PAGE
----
The Judiciary, under the leadership of Chief Justice Martha Koome is on a mission to widen the doors of justice across the country.
The CJ is encouraging multiple-door approaches to access justice. She has left her footprints in Mombasa, Kibra, Meru, Kisumu, Kiambu, Mandera and Maralal by launching specialised Sexual and Gender-Based Violence (SGBV) courts, small claim courts, court annexed mediation, alternative sustice systems (AJS) and e-filing.
This demonstrates the Judiciary’s unwavering commitment to bringing the justice system closer to Kenyans. Specialised courts acknowledge that justice is not homogenous but instead must be tailored to meet the unique needs of different members of the Kenyan society, especially the most vulnerable.
In addition, these courts dismantle formal, informal and systemic barriers that prevent access to justice. Initiatives such as AJS embrace friendly processes for participants, effective deterrents to perpetrators, and restore relationships and heal the wounds of victims.
It is also more affordable, easier to access, familiar, and less bureaucratic. Due to its participatory nature, it ensures more social inclusion, prevents injustice and reduces harm suffered by people by focusing on root causes of injustice and on justice needs of entire communities and societies rather than just individuals.
The Head of the Judiciary is categorical that this sort of multi-door approach to justice broadens our perception of justice, is effective, conciliatory and efficient.
The e-filing system minimises infrastructural barriers that have been a hindrance in access to justice. The system will enable the Judiciary serve court users more efficiently. It allows citizens to access justice remotely because they do not have to physically visit the court premises to submit pleadings and legal documents.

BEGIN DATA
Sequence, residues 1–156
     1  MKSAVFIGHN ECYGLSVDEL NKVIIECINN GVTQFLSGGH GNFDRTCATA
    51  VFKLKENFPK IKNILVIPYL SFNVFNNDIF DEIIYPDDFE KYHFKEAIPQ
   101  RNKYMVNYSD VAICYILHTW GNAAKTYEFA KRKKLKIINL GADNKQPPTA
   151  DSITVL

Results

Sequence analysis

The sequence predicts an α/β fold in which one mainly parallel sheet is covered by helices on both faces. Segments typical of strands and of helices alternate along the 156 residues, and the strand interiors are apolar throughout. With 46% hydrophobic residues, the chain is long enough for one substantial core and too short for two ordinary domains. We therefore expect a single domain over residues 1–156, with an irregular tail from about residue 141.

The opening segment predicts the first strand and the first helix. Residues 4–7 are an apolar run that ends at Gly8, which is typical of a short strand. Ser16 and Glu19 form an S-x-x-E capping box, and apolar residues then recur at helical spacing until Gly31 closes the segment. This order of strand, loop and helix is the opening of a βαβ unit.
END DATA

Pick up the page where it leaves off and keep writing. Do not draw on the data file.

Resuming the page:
This bridges the distance between litigants and courts and enhances access to justice. This system allows expeditious services and court users are encouraged to embrace it.
These initiatives also create collaborations and strong partnerships with our county governments. These will invariably address the infrastructural challenges hampering access to justice.
Social Transformation through Access to Justice (STAJ) entails envisioning the Judiciary’s role not only as an arbiter of law, but also as a facilitator of dialogue, a connector, and a promoter of social harmony.
The Judiciary must advance the social transformation promise of the Constitution and respond to the needs, expectations, and aspirations of all Kenyans, especially the vulnerable and marginalised groups.
For social justice to prevail, the Judiciary endeavours to put in place a people-centred justice system and therefore contribute to the creation of a just social order, promote peaceful co-existence in communities, and enable individuals and communities to flourish and realise their potential.
Thus, justice becomes not merely an end, but a journey - a transformative experience marked by fairness, impartiality, independence, respect and empathy.
The writer is an advocate and strategy advisor in the office of the Chief Justice
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